07081300/Class notes for Tuesday, April 1

Typed Notes
The notes below are by the students and for the students. Hopefully they are useful, but they come with no guarantee of any kind.
First Hour
Theorem
If is an embbeding then
Proof:
By induction on k.
For k=0 this is easy, is a single point and  a point is just
Now suppose we know the theorem is true for k1, let be an embedding. Write the cube as where and
So,
where both sets in the union are open. Recall for sets where A and B are open we have the Mayer Vietoris Sequence.
Note: It is usefull to "open the black box" and think about the Mayer Vietoris Sequence from the veiwpoint of singular homology, ie using maps of simplexes and the like. This was briefly sketched in class.
We get a sequence
The first and last terms in this sequence (at least the small part of it we have written) vanish by induction hypothesis.
Note: Technically we need to check at Mayer Vietoris sequence also works for reduced homology.
We thus get the isomorphism:
Assume
As the above isormorphism is induced by the inclusion maps at the chain level, we get that either in or in
Now repeat, find a sequence of intervals such that
1)
2) in
Pictorially, we cut C in half, find which half is non zero, then cut this half in half and find the one the is non zero in and again cut it in half, etc...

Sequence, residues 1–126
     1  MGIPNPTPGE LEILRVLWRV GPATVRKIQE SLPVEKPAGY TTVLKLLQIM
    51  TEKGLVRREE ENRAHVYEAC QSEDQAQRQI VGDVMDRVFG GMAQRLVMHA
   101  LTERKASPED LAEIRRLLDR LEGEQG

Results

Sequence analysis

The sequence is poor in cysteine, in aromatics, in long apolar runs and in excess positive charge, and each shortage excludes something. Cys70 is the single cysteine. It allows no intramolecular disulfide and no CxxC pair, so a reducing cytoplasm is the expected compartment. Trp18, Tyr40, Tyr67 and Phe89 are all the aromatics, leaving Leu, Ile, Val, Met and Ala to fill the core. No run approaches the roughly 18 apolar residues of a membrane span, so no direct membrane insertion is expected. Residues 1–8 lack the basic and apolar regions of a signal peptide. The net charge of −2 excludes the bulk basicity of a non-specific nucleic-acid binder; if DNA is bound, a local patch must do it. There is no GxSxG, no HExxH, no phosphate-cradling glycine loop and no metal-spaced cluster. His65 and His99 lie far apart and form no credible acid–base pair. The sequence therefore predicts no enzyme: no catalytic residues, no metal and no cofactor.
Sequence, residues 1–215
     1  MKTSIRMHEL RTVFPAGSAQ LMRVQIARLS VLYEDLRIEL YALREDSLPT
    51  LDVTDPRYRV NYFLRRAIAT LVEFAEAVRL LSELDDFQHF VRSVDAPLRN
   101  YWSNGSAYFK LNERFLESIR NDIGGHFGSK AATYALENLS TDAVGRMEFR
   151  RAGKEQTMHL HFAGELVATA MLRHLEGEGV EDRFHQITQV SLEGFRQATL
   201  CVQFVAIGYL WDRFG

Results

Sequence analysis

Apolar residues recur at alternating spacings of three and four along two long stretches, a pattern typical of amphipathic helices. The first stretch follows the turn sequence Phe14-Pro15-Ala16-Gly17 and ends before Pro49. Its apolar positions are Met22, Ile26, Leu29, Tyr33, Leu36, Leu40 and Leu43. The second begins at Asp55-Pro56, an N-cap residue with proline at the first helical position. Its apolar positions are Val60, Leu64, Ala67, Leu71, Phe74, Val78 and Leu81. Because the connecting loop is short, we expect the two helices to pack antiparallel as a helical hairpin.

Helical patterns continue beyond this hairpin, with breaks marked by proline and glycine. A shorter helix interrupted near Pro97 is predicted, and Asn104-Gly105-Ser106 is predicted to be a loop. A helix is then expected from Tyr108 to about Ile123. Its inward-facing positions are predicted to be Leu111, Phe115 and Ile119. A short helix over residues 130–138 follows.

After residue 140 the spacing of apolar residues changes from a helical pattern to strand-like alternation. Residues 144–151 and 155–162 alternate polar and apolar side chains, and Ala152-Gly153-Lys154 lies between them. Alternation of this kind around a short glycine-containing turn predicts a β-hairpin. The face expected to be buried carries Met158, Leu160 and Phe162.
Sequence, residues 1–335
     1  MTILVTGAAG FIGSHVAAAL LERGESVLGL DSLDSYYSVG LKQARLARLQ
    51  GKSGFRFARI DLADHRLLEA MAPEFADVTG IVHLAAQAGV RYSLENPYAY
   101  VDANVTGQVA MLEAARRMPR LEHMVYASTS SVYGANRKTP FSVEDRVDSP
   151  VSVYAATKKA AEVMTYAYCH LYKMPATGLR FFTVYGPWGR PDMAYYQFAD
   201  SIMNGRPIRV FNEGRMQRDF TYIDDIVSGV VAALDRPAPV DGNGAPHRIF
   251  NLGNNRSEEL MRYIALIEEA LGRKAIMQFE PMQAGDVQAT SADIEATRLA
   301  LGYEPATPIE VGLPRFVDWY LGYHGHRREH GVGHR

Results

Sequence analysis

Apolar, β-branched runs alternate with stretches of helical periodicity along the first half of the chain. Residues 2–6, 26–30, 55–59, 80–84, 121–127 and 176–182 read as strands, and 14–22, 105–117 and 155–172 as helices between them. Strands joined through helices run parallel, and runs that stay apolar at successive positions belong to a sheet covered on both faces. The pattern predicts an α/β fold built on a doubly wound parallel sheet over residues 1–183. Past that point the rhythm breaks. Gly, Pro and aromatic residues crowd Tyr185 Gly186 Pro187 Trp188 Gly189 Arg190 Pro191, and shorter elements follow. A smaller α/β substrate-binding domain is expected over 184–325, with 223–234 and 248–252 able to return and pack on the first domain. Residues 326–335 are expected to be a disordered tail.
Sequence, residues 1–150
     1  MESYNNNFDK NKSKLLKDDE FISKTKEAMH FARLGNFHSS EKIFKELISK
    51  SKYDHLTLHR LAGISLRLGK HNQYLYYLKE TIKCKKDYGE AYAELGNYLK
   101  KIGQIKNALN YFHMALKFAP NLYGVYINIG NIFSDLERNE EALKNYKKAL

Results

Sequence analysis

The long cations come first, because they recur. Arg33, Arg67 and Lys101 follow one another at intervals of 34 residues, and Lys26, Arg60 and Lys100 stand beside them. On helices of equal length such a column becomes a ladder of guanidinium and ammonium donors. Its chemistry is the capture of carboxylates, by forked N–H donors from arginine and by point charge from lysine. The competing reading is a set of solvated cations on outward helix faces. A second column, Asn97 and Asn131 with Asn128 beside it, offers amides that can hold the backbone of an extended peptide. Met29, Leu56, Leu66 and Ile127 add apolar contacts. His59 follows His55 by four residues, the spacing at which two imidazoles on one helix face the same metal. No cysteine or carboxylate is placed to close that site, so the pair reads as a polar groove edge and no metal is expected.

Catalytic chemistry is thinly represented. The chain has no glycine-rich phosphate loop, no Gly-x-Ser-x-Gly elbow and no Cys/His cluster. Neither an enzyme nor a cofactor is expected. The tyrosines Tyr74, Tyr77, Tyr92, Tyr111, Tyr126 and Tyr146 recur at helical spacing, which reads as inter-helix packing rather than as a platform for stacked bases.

But, in by induction. Hence, such that .
But, = { union of images of simplexes in U} is compact, so, for some j. But this contradicts assumption 2)
Q.E.D
We now prove an analogous theorem for spheres opposed to cubes
Theorem
For an embedding then if p = nk1 and zero otherwise.
Intuitively,
Recall we had seen this explicitly for when we wrote as the union of two tori (an inflated circle)
Proof:
As in the previous proof, we use Mayer Vietoris. Let
Then,
The first and last term written vanish by induction hypothesis and so have an isomorphism
Hence, it is enough to prove the theorem for k=0. Well in this case we have
Since , this is for p = n1 and 0 otherwise
Q.E.D
Take k=n1 so
Hence the compliment of an n1 sphere in has two connected components. This is the Jordan Curve Theorem.